Image Quality

My standard caveat, which I provide in almost all of my reviews of bridge cameras, is as follows: Don’t anticipate digital single-lens reflex camera (DSLR) photo quality just because this camera appears like a DSLR. It is necessary for camera manufacturers to utilize sensors that are a fraction of the size of those found in digital single-lens reflex cameras and even higher-end compact cameras in order to achieve the goal of fitting a lens with this zoom range into a body that is both tiny and lightweight.

Will the photographs taken with the SX60 HS look fine even when printed at higher sizes or shown at smaller sizes on the screen? Absolutely. However, if you pixel peeps or magnifies the shot to have a closer look at the minute features of a bird that you photographed from a great distance, you will most likely be underwhelmed by what you see.

When taking into account the length of the lens on this camera, the majority of people will be very satisfied with the images it produces up to ISO 400 when seen at bigger sizes on screen and in printouts. Subjects do get softer and noisier at ISO 400 and even more so at ISO 800, but the images may still be used at tiny sizes with just some cropping or enlargement needed.

You also have the ability to edit the photographs yourself if you wish to thanks to the raw image capture that Canon integrated into this model. If you don’t mind a bit more noise, you can salvage some of the detail that was lost. Another advantage is that the ISO sensitivity may be adjusted in one-third steps, such as ISO 250, ISO 320, ISO 400, and so on. These increments give you a little bit more control over the situation.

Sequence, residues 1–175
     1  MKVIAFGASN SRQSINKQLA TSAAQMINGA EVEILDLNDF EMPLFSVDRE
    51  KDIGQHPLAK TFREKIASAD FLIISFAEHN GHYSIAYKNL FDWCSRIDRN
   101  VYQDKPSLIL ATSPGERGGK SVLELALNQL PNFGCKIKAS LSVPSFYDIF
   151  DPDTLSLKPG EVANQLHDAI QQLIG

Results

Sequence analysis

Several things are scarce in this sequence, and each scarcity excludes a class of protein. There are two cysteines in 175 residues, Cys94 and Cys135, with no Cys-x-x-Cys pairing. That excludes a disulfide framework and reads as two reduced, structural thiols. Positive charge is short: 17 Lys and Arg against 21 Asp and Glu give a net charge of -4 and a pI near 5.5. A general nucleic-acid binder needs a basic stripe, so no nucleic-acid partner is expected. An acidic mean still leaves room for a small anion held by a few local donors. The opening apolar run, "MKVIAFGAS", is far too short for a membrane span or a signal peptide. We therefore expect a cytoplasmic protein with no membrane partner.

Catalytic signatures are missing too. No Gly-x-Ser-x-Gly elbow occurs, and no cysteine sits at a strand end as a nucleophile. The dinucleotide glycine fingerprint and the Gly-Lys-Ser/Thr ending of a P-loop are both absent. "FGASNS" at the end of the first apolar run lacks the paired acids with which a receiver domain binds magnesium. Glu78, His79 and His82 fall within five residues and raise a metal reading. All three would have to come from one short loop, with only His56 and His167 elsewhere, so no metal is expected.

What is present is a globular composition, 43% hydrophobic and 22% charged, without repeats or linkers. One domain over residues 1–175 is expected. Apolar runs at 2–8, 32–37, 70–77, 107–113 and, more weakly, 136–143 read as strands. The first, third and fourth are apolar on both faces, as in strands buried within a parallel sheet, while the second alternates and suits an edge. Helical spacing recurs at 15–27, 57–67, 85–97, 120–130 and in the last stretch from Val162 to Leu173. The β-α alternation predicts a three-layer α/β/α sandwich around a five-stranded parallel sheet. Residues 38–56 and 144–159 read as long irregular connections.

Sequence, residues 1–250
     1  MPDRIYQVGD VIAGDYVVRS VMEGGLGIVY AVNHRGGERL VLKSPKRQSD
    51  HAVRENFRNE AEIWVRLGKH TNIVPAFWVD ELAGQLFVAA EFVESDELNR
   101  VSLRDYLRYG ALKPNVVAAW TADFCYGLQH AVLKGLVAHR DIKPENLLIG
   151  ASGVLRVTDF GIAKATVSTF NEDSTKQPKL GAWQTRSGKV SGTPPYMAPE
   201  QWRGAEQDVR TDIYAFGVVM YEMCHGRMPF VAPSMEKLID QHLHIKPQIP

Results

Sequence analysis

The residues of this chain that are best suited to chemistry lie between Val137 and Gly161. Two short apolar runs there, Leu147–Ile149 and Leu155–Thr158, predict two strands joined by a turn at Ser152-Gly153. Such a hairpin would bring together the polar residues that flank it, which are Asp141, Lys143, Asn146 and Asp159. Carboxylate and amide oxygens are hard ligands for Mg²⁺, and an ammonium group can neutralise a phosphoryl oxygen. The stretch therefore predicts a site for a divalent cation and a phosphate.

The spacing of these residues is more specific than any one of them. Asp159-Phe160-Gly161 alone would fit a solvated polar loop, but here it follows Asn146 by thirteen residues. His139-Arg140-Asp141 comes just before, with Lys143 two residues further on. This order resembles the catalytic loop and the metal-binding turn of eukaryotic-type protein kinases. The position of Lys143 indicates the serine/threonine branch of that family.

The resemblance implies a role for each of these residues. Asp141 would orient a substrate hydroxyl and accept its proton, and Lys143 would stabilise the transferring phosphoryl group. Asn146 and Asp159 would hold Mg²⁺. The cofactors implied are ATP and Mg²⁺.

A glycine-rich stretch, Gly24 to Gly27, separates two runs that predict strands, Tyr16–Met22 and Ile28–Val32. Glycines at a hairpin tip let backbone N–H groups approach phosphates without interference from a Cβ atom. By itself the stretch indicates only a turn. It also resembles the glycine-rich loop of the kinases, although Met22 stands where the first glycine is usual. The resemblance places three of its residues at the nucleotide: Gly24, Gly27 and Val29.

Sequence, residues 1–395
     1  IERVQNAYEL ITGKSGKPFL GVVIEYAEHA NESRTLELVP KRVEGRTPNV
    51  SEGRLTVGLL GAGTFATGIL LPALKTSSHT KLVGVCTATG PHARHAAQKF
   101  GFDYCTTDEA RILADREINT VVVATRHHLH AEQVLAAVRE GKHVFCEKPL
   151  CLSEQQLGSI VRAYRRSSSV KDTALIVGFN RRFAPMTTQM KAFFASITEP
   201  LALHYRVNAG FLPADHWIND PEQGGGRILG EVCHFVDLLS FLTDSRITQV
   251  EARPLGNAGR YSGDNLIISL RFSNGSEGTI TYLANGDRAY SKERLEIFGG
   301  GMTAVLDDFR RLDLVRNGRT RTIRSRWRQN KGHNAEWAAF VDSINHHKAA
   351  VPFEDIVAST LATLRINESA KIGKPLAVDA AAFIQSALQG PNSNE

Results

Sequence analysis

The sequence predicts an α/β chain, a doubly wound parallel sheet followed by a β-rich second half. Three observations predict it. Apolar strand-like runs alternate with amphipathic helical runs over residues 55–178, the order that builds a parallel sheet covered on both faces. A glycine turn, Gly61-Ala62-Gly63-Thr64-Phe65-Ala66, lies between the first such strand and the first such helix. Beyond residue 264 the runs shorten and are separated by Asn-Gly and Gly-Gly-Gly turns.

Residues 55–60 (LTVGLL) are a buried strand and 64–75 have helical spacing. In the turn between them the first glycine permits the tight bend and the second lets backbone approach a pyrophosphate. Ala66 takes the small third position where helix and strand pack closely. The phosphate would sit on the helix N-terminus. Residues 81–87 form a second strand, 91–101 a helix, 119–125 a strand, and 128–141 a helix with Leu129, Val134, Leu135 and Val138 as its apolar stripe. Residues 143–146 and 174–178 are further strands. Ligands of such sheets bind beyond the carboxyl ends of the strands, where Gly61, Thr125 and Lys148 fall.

At ISO 1600 and 3200, the colors lose part of their saturation, the subjects appear quite soft, and there is a reduction in detail. If you intend to use this camera for shooting indoors or in low light, you will want to be wary of using sensitivities that are higher than ISO 800. The SX60 HS is, in general, best suited for use outside in broad daylight. If you plan to use this camera for shooting outdoors, however, you should be fine using lower sensitivities.

The color reproduction is quite accurate, and the resulting images are vibrant and brilliant. However, if the ISO setting is increased, the colors become less saturated. The exposure is fairly excellent overall, however, the highlights frequently become overexposed. In order to assist with this matter, Canon developed an option called Dynamic Range Correction that reduces the intensity of the highlights by around 200 or 400 percent.

The use of the function results in a somewhat more restricted ISO range, namely ISO 200-1600 for the 200 percent setting and ISO 400-1600 for the 400 percent setting. However, it operates well and has the potential to save a significant amount of detail that would otherwise be lost.

Video Quality

The video quality is typically extremely good and is acceptable for use even on a large HDTV; nevertheless, it is optimal for use on smaller screens and for sharing on the web. Even though rotating the camera will cause judder and there is apparent trailing on moving things, the 1080p video may be seen even if it records at 30 or 60 frames per second.

The graininess of the low-light video is to be expected, but it performs at least as well as the high-ISO photography capabilities of this camera. The zoom lens continues to function even when the recording is being done; however, it travels very slowly, which is expected to prevent the movement from being picked up by the stereo mics on top, and new motors keep it very quiet.

Specifications

Body typeSLR-like (bridge)
Max resolution4608 x 3072